WASHINGTON – Karen Pence used the fashion rental site Rent the Runway to find affordable looks for her role as second lady.
When Ivanka Trump asked her for tips on raising kids in Washington, D.C., Pence passed along her well-worn, dog-eared book of activities she’d used when her children were young.
During a fly fishing excursion in Montana, the Secret Service donned scuba gear in case they had to rescue Vice President Mike Pence from the fast-moving river.
That’s about as dishy as Karen Pence gets in her book, “When it’s Your Turn to Serve,” which comes out Sept. 26.
There’s very little about what she experienced on Jan. 6, 2021, when a mob of rioters – some of whom were hunting for the vice president − took over the Capitol and the Pences had to be whisked away to safety by the Secret Service.
Karen Pence doesn’t say what she thought of Donald Trump − either before or after he falsely told his supporters the vice president could block Congress’ certification of Trump's 2020 electoral loss if he had the courage.
What the book does have is lots of facts about honeybees, many Bible verses, and examples of how she put herself in God’s hands.
Pence, who more than once calls herself a private person, said she did not set out to write a memoir.
“This book is intended to encourage the reader along their journey as I expound on the ways God used me to help others,” she wrote in the introduction, which begins with Proverbs 16:24: “Gracious words are a honeycomb, sweet to the soul and healing to the bones.”
Her book is coming out as Mike Pence is running for the GOP nomination for president, an undertaking weighed down by the significant share of primary voters who think he should’ve done Trump’s bidding and tried to overturn the 2020 election.
Karen Pence said she went to the Capitol that day with her daughter Charlotte “more out of a sense of nostalgia, with it being Mike’s last official duty after so many memories in this storied place.” During the dozen years Mike Pence served in the House, the family had eaten taco dinners on the Capitol steps, ascended to the Capitol dome as a birthday treat for their children, attended funerals of presidents and many State of the Union speeches.
On Jan. 6, the Pences motorcaded to the Capitol past their daughter Audrey’s apartment. When Audrey heard the sirens, she stepped out onto her balcony and made a circle with her fingers and thumb through which to view her father’s limousine. It’s a Pence family tradition when parting ways to make that finger circle, with the person who is leaving centered in the middle, to symbolize a circle of God’s protection of angels.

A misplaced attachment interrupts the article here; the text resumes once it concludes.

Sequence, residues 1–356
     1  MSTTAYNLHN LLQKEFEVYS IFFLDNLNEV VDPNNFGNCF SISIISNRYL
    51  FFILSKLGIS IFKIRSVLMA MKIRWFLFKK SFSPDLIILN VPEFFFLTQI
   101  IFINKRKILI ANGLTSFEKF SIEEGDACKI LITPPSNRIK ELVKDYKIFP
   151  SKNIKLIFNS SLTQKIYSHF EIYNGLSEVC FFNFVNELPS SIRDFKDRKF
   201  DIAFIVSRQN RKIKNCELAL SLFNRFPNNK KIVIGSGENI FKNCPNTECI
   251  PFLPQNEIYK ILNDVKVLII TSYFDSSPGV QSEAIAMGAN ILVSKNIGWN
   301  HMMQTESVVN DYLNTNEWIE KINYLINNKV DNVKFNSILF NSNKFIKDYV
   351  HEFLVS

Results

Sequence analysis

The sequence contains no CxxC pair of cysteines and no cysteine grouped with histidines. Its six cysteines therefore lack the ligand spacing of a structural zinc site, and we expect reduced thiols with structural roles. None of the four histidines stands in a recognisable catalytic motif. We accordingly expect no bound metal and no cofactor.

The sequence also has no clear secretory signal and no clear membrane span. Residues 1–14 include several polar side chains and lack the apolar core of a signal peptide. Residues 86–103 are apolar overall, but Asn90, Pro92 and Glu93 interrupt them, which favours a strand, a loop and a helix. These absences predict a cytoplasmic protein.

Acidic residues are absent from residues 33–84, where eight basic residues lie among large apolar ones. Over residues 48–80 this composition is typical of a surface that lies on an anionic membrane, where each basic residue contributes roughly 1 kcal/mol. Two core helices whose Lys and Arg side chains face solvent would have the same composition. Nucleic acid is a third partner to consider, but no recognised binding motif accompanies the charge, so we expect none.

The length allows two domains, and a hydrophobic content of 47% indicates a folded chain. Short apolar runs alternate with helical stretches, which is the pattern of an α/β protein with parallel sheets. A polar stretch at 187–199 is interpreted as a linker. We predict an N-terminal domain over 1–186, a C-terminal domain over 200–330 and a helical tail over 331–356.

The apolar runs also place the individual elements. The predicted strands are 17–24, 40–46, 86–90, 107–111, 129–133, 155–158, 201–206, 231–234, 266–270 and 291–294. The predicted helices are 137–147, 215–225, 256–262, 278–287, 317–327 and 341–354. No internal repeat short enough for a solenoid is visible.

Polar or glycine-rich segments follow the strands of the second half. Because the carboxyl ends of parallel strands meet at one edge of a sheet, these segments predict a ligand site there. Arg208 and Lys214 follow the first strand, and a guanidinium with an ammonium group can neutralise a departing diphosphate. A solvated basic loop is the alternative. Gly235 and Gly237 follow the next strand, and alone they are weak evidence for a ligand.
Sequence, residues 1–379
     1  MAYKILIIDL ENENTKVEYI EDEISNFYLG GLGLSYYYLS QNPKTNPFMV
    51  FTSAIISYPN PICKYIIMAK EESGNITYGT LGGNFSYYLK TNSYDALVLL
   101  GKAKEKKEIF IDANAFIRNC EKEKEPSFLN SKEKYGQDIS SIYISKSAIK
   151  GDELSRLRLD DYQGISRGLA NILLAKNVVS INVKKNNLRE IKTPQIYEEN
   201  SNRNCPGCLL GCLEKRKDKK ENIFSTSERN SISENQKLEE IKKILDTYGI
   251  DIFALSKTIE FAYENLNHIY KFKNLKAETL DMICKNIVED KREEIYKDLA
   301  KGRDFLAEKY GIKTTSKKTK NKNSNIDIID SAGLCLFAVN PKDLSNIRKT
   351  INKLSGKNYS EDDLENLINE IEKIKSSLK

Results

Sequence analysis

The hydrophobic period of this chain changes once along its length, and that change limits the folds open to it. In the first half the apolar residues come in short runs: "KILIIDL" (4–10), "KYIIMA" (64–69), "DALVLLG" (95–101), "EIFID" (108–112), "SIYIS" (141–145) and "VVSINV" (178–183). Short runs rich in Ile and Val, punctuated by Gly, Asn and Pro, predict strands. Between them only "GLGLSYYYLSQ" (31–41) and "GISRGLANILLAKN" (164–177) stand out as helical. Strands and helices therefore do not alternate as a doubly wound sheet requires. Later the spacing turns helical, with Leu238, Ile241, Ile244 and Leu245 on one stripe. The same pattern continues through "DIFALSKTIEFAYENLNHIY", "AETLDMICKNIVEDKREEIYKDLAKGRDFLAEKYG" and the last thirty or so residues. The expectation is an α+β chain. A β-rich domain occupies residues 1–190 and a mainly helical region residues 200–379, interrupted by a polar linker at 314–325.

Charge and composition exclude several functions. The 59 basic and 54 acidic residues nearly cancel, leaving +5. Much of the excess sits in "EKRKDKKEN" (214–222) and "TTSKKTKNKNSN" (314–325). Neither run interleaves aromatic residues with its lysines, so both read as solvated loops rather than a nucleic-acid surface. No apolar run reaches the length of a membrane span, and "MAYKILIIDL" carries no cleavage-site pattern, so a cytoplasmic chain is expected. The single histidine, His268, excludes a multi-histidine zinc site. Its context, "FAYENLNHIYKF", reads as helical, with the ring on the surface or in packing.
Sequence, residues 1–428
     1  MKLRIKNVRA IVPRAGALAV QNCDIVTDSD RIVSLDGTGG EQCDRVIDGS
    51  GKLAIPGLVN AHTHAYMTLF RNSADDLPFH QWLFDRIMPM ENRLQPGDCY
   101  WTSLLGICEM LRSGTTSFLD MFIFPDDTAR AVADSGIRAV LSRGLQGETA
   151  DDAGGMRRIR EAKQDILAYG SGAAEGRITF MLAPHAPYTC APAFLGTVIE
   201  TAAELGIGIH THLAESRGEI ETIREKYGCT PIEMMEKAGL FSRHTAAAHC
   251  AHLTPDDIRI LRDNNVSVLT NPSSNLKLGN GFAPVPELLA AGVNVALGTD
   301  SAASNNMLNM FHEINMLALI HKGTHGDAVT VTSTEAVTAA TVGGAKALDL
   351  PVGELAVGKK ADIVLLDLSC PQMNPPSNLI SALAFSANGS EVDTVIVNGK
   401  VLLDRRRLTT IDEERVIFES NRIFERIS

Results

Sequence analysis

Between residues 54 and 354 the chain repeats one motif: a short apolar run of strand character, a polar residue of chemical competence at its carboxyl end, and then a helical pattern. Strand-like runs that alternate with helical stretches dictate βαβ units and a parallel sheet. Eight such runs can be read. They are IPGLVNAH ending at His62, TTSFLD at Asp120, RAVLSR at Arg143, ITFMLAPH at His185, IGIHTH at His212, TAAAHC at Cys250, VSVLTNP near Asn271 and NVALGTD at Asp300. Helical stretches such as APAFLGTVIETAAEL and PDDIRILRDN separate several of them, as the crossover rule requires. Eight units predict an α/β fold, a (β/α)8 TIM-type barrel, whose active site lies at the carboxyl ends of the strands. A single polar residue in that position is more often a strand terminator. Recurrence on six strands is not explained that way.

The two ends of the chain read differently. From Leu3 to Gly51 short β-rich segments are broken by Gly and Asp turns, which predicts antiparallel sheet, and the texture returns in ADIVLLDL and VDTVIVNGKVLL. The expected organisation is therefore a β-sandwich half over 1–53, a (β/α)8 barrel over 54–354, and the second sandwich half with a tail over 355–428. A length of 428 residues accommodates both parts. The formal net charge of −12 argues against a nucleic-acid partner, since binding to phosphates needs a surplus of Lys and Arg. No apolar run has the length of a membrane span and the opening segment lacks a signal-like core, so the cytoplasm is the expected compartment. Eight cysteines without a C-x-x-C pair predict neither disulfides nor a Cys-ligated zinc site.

Karen Pence doesn’t elaborate on why protection was needed. She simply writes that during Jan. 6, she “was experiencing how God truly had carried my family as a father carries his son.”
As second lady, Pence said, she struggled to get press for many of her initiatives, which included promoting art therapy and supporting military families. The honeybees, which she brought to the grounds of the vice presidential residence, were an exception.
“Bees were always popular,” she wrote.
Some of her other activities were criticized because of Pence’s views on homosexuality and same-sex marriage. Her part-time job teaching art at a Christian elementary school, for example, drew scrutiny for the school’s policy of not allowing gay teachers or students.
Her championship of art therapy generated a heated debate among art therapists around the country about whether to embrace her as an advocate for their profession.
Pence doesn’t delve into how those criticisms affected her and doesn’t offer a rebuttal. Instead, she writes that sometimes she encountered thoughtful, appreciative people grateful for her work, and sometimes she was met with criticism or misunderstanding.
“Our pastor used to remind us we were working for an `Audience of One,’” she wrote.
Pence had a slightly larger audience in mind for the watercolor painting she made of the Queen Anne-style house on the grounds of the Naval Observatory that has been the home for vice presidents since the 1970s. She framed prints of her work for each of the former vice presidents and left one at the house for Kamala Harris and Doug Emhoff.
The Pences also made a contribution to the property. They planted a serviceberry tree near the spot where Charlotte celebrated her wedding in 2019. And they planted a redbud, a tree common in their home state of Indiana, to represent the whole family.
Inscribed on the plaque next to the redbud is Jeremiah 17:7-8: But blessed is the one who trusts in the Lord, whose confidence is in Him. They will be like a tree planted by the water that sends out its roots by the stream. It does not fear when heat comes; its leaves are always green. It has no worries in a year of drought and never fails to bear fruit.
This article originally appeared on USA TODAY: Karen Pence book treads lightly on Trump and January 6